Motown once boasted that it was “the sound of young America,” a cheeky and some would say brazen title for a black-owned company making a splash at the height of the contentious civil rights era.
But, through such hit makers as the Supremes, the Temptations and the Jackson 5, the label proved the tag wasn’t just hyperbole. Motown had become an integral part of the cultural soundtrack of the ’60s and ’70s.
But not all Motown acts achieved such extraordinary success and, contrary to popular opinion and image, not all those signed to Motown were black or even R&B.
Here are some of the acts signed to Motown or its subsidiaries that you probably never knew were ever affiliated with the same corporation that gave the world Smokey Robinson & the Miracles and Marvin Gaye.
Bruce Willis: Don’t laugh. The action actor fancied himself a singer at the height of his popularity as the dapper David Addison on the hit TV show Moonlighting. So he signed with Motown and in 1987 released The Return of Bruno, an album that turned out to be more than celebrity novelty.
The album of R&B-pop was not only a hit, peaking at No. 14 on Billboard, but it produced a single, Respect Yourself, a duet with June Pointer and a cover of the classic Staple Singers track, that reached No. 5.
If nothing else, Willis showed good taste in song selection and collaborators, as the album featured tunes written or co-written by Ry Cooder, Allen Toussaint and Luther Ingram among others. There was even an HBO special.
Rare Earth: While Motown’s bread-and-butter was classic R&B, Berry Gordy and other Motown execs were not blind to what was going on in rock ’n’ roll with the Beatles, the Stones and the revolution they started. In 1969, Motown launched a rock label, Rare Earth, named after the white band from Detroit that became the division’s flag bearer.
The group had a string of hits, including (I Know) I’m Losing You and Get Ready (both covers of Temptations tracks) as well as I Just Want to Celebrate, Hey Big Brother and Born to Wander. Rare Earth may have sunk into anonymity, but the music lives on. I Just Want to Celebrate was rediscovered a generation later and used to great effect in the season finale of HBO’s Six Feet Under as well as in the movies Three Kings, A Knight’s Tale, Land of the Lost and a commercial for Nicoderm CQ.
Though none of its other bands reached this level of success, the Rare Earth label continued through the ’70s with a slate of acts, some of whom (such as Kiki Dee, the Pretty Things and the Planets, a spin-off of the British cult art-rock band Deaf School) earned good critical reaction, if not big sales. Others, such as Toe Fat and the Rustix, never made much of a splash.
Meat Loaf: Dallas’ own Meat Loaf — aka Marvin Lee Aday — began his recording career on Rare Earth as part of the duo Stoney & Meatloaf in 1971. The pair, who met while performing in the Detroit cast of the stage musical Hair, released one album, simply called Stoney & Meatloaf. It would be re-released in 1978 after Meat Loaf had gone on to greater glory on another label with his breakthrough bestselling album Bat Out of Hell in 1977.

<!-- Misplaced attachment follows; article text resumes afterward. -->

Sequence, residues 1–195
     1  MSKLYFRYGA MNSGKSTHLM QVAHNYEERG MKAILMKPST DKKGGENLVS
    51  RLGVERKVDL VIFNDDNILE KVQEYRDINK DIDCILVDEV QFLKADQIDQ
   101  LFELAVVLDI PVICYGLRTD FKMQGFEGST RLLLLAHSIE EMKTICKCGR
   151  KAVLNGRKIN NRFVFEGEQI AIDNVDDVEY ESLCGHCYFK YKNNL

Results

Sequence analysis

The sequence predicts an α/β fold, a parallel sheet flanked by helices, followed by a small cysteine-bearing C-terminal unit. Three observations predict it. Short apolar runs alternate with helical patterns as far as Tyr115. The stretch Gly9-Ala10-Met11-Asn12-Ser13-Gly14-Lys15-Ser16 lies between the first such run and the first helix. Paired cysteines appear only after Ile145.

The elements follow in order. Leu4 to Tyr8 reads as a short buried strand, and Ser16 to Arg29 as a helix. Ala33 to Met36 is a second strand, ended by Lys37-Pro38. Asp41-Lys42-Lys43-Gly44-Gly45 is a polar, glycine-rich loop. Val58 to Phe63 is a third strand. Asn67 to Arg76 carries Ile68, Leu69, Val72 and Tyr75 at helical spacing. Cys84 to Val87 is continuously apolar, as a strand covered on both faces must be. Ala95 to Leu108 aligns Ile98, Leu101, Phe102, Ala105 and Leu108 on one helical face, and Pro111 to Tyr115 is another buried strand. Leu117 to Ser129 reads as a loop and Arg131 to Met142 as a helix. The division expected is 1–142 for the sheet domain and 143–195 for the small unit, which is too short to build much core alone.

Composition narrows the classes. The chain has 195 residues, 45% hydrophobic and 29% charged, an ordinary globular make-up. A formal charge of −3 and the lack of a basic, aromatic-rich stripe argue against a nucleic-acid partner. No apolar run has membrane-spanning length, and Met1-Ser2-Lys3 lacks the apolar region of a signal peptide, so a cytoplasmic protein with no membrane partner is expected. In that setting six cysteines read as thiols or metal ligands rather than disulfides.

Pat Boone: Yep, the white country-pop crooner who was emblematic of ’50s Leave It to Beaver America was part of the Motown family. In the ’70s, the label had launched a country division, Melodyland (later changing its name to Hitsville), to which Boone signed in 1974. One of the tracks from this time is called Texas Woman.
Other acts on the label like T.G. Sheppard and Jud Strunk were well-known at the time. This wasn’t the first time Motown had tried its hand at country, having launched the Mel-o-dy label in 1962; it was shuttered three years later.
Michael McDonald: In the early 2000s, the former Doobie Brother hooked up with Motown for his Motown tribute albums, Motown and Motown Two, and his 2008 album, Soul Speak, which hit the top 20 on Billboard’s Top 200 and No. 10 on Billboard’s R&B/Hip-Hop Albums chart.
Sam Harris: Long before the likes of Kelly Clarkson and American Idol used TV as a launching pad for pop stardom, there was Sam Harris and Star Search. Like AI, Star Search, which ran from 1983 to 1995, was about finding the next big music star, and it seemed to do just that when it discovered Cushing, Okla.’s Harris and his dramatic voice.
Known for his big, blustery version of Somewhere Over the Rainbow, Harris signed to Motown and had a Top 40 hit in 1984, Sugar Don’t Bite.
Frankie Valli and the Four Seasons: The pairing of the Jersey boys with the Detroit label turned out not to be a good fit. The Chameleon album from 1972, released on the MoWest subsidiary, flopped. Songs for a second album were never released, though one of the tracks, My Eyes Adored You, went on to become a hit for Valli as a solo act on a different label.
PFM, UFO, the Easybeats: European prog-rock, British hard rock and Down Under garage-rock seem far out of Motown’s wheelhouse, but Italy’s Premiata Forneria Marconi (PFM for short), England’s UFO and Australia’s Easybeats briefly called Motown home.
PFM came to the label through a deal with Manticore, a prog label started by prog pioneers Emerson, Lake & Palmer.
UFO’s first album, UFO 1, came out on Rare Earth in 1970, but the band wouldn’t make it big in the U.S. until moving to Chrysalis Records.
The Easybeats signed to Rare Earth long after their lone 1967 U.S. hit, Friday on My Mind, and their association with Motown didn’t last long.